After a slow first five months, I'm back to blogging in earnest. In the forthcoming few months I plan to keep on tracking the blooming of wildflowers, the activities of bugs and reptiles and any other critters I'm quick enough or lucky enough to photograph, and to comment on ecological relationships. Since there is an increasing sense of ecological crisis among many people and more vigorous denial of such on the part of others, I will inevitably comment on the social and political dimensions of survival as I see them.
I am still an adjunct instructor in the English Department at Feather River College, but time permitting, I am available for hire as a nature guide in the region in and around Plumas County. A brochure describing my usual kinds of natural history adventures is in development. Email me c/o firstname.lastname@example.org with your mailing address and a statement of interests, and I'll send you a rough draft.
I have been teaching since 1965 and have recently joined the English Department as an Associate Faculty member at Feather River College. Recently taught Nature Literature in America and am currently teaching Interpersonal Communication and Basic Reading and Writing.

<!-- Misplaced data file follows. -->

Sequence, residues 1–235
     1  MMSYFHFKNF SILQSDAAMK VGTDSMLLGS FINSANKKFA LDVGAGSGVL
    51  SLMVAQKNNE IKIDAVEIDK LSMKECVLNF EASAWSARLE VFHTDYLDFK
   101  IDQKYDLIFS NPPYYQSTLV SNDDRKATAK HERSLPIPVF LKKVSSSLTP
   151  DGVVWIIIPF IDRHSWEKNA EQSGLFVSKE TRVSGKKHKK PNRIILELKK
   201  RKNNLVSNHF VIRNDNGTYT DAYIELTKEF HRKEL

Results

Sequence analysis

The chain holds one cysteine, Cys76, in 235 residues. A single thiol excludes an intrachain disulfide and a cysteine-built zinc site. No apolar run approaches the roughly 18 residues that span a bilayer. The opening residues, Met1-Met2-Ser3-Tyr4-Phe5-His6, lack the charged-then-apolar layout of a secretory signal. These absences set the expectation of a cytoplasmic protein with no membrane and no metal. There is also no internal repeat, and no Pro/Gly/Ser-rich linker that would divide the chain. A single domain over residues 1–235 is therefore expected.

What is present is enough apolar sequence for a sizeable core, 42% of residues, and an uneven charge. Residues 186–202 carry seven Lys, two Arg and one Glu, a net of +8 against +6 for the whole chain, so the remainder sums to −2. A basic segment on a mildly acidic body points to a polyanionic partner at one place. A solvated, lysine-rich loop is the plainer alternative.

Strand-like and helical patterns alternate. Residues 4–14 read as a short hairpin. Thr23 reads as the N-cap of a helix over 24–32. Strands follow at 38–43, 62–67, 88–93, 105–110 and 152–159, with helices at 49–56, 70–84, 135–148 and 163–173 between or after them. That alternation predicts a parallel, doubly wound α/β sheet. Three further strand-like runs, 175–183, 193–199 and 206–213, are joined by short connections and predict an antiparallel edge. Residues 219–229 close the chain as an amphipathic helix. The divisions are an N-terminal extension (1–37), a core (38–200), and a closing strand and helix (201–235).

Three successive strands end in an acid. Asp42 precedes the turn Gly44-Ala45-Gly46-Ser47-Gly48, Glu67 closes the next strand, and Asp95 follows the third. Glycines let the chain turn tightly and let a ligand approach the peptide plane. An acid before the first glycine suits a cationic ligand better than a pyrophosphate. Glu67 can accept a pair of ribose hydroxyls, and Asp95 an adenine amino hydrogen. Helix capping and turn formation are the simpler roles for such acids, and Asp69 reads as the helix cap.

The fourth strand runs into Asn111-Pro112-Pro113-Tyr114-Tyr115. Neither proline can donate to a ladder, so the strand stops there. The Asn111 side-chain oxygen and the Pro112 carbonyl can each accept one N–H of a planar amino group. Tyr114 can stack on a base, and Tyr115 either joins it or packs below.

I drive by the ditch (actually, a controlled creek-bed) in front of Safeway every day and think to myself "I've got to photograph those Hooker's Evening Primrose (above) before they're gone. Finally, with a few unscheduled moments to spare, I stopped by and did a little "digging" for scenic situations down by the trickling water. The ditch is heavily grown in with Cat-o-Nine-Tails, so I suspect the weed-eaters will come by soon and wipe out the botanical wonders. With the thousands beginning to arrive for the High Sierra Music Fest, I'm surprised they haven't already done this bit of housekeeping.
The Tansy are also abundant. They are one of my favorite habitats for insects and spiders, but I didn't notice this spider until I enlarged the photo on my computer.
Down closer to the water and often hidden by the taller plants are the Seep-spring Monkeyflower (above) and lots of little blue Stickseed, that latter not photographed today. Distracted by thoughts of a little side road near Quincy that has great crops of Pennyroyal and Spreading Dogbane. I hope to get out there today for some photos. This is another area that gets cleared by the weed-eaters, so I'd better not wait too long. Maybe it's the current political situation, but, my fondness for weeds seems to be at a high pitch today.